Where I agree with Dr. Davis is that I have seen clinical evidence that some people seem to be "addicted" to wheat. Particularly night bread binge-eaters. They talk about bread much like one of my opiate addict patients would talk about oxycontin. They can't stop eating it even after they are full, and even when they desperately want to lose weight. They will leave their cozy house and pick up crackers, pretzels, fast food with fluffy bread, or a fresh loaf to eat at night. Critically, in certain cases (where more evidence-based methods have been tried), I've managed to stop these cravings and binge behaviors with naltrexone, which blocks the opiate receptors and short-circuits reward. The problem is, ALL reward is mediated through opiate and dopamine, so using naltrexone doesn't tell you that you've blocked specific wheat exorphins - maybe the person has a real jones for fresh steaming lovely bread for simple reward sake - like some people love chocolate, Pringles, or cocaine.
It's a good message, though, and something that should be researched. But then Dr. Davis comes up with this sentence (and also states he has seen the withdrawal and "brain fog" from wheat in "thousands of people"then later "I've personally witnessed hundreds of people…"), which is incredibly jarring and ruins the credibility of the message: "Let's pretend you're an inner-city heroin addict. You get knifed during a drug deal gone sour and get carted to the nearest trauma emergency room. Because you're high on heroin, you kick and scream at the ER staff trying to help you. So these nice people strap you down and inject you with a drug called naloxone, and you are instantly not high."
Naloxone (and it's orally administered cousin, naltrexone), is an opiate blocker, or "opiate antagonist." It will immediately knock opiates off the opiate receptor and put someone high on opiates into instant withdrawal. This is not only extremely unpleasant, it tends to make people very agitated, unhappy, and even violent. If you have to do it to save someone's life, you do it. If someone is overdosing on opiates and loses the chemical signal to breathe, it will be lifesaving. If someone is alert and active and still high on heroin, injecting someone with naloxone would be a galactically stupid thing to do, particularly if you were just injured in a knife fight and needed some painkilling. Injecting someone with naloxone will mean that the strong painkillers will not work in someone who will have a high tolerance to hospital painkillers.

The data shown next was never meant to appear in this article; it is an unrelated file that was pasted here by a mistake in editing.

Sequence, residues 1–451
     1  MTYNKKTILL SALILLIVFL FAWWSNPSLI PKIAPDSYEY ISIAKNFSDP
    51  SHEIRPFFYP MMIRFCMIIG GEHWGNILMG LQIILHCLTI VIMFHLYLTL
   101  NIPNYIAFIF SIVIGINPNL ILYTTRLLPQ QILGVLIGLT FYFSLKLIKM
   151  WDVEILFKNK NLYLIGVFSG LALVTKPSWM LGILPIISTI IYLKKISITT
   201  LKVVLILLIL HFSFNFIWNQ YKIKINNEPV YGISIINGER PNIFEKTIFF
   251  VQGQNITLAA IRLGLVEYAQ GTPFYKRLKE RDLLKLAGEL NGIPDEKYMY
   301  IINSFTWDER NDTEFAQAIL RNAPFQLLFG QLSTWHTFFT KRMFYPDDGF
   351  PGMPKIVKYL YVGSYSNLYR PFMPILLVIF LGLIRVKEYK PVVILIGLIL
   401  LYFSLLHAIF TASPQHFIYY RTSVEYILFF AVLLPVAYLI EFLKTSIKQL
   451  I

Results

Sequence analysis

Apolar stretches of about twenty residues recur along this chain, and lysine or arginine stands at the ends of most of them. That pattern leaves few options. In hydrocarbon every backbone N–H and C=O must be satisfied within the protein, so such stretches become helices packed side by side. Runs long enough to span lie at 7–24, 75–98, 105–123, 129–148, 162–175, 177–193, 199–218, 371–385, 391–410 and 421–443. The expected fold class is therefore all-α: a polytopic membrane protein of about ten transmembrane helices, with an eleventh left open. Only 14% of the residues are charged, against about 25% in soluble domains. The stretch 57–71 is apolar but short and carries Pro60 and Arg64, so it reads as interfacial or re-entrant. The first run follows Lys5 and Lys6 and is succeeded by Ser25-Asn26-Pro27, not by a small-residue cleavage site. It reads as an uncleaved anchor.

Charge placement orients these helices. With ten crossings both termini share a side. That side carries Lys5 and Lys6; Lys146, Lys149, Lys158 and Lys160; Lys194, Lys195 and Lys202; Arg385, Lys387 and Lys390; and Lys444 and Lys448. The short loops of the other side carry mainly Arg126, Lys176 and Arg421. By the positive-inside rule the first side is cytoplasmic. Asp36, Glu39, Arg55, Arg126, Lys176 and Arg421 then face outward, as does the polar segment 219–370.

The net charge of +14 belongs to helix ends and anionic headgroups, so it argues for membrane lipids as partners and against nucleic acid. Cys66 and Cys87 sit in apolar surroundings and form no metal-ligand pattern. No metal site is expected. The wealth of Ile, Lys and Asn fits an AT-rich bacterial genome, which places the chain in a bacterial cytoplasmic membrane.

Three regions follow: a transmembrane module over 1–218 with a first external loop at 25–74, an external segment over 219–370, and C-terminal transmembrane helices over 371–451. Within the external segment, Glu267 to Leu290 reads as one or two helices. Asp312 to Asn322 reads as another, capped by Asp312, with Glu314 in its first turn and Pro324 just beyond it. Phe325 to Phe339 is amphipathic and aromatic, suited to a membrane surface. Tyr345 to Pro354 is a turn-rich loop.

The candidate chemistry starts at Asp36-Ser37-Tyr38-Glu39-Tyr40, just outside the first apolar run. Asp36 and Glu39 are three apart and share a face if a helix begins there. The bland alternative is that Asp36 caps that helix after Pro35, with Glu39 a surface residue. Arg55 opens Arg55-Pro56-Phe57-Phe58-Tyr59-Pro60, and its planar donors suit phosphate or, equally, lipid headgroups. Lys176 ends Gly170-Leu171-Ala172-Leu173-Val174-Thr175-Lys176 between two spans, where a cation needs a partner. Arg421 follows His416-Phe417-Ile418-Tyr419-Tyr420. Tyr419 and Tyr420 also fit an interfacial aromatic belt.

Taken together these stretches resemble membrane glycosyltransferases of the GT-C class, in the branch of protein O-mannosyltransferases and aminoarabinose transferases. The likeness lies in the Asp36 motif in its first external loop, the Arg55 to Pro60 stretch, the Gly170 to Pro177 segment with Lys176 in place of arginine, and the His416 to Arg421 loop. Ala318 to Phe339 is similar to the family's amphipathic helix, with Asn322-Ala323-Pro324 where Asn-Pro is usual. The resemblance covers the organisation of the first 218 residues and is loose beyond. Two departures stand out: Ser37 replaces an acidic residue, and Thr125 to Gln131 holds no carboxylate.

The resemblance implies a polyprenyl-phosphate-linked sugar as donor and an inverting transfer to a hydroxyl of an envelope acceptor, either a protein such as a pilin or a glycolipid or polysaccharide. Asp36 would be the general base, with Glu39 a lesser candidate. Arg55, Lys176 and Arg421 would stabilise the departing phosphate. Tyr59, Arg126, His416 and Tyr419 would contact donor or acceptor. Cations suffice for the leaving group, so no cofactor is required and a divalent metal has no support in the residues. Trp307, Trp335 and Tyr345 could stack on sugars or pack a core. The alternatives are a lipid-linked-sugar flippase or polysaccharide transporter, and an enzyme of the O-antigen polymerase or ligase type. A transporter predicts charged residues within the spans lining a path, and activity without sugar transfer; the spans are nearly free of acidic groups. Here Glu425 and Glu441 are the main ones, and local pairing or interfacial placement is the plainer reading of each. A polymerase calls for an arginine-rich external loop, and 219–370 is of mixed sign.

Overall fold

Any emergency room physician, nurse, or doctor with a shred of ER experiecne will read that sentence in "Wheat Belly" and go, "huh? What is this guy talking about, and is he galactically stupid?"
Honestly, I think it is a throwaway line that was carelessly written and carelessly published. And other "paleo" books like "The Vegetarian Myth" are full of lines like that. But you know what, I have a much higher standard for a cardiologist than I do for a non-scientist like Lierre Keith. I want real science, real risks, real data. Not hyperbole and nonsense.
So no, I don't recommend Wheat Belly. And I don't recommend eating wheat either.
(Nor am I saying that Dr. Davis is stupid - far from it - just careless in his phrasing. If you are going to take on Conventional Wisdom of Healthy Whole Wheat, you really have to "bring it." It was not brought.)